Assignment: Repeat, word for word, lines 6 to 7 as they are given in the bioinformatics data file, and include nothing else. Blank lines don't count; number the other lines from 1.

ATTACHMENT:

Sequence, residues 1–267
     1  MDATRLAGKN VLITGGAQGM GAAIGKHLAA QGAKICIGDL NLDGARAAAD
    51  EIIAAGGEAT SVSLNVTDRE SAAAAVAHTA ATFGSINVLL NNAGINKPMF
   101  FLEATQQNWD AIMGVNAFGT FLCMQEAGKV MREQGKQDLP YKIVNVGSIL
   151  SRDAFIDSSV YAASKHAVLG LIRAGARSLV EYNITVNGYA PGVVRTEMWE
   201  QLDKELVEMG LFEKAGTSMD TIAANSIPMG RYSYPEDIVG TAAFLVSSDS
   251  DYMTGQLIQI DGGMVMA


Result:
   201  QLDKELVEMG LFEKAGTSMD TIAANSIPMG RYSYPEDIVG TAAFLVSSDS
   251  DYMTGQLIQI DGGMVMA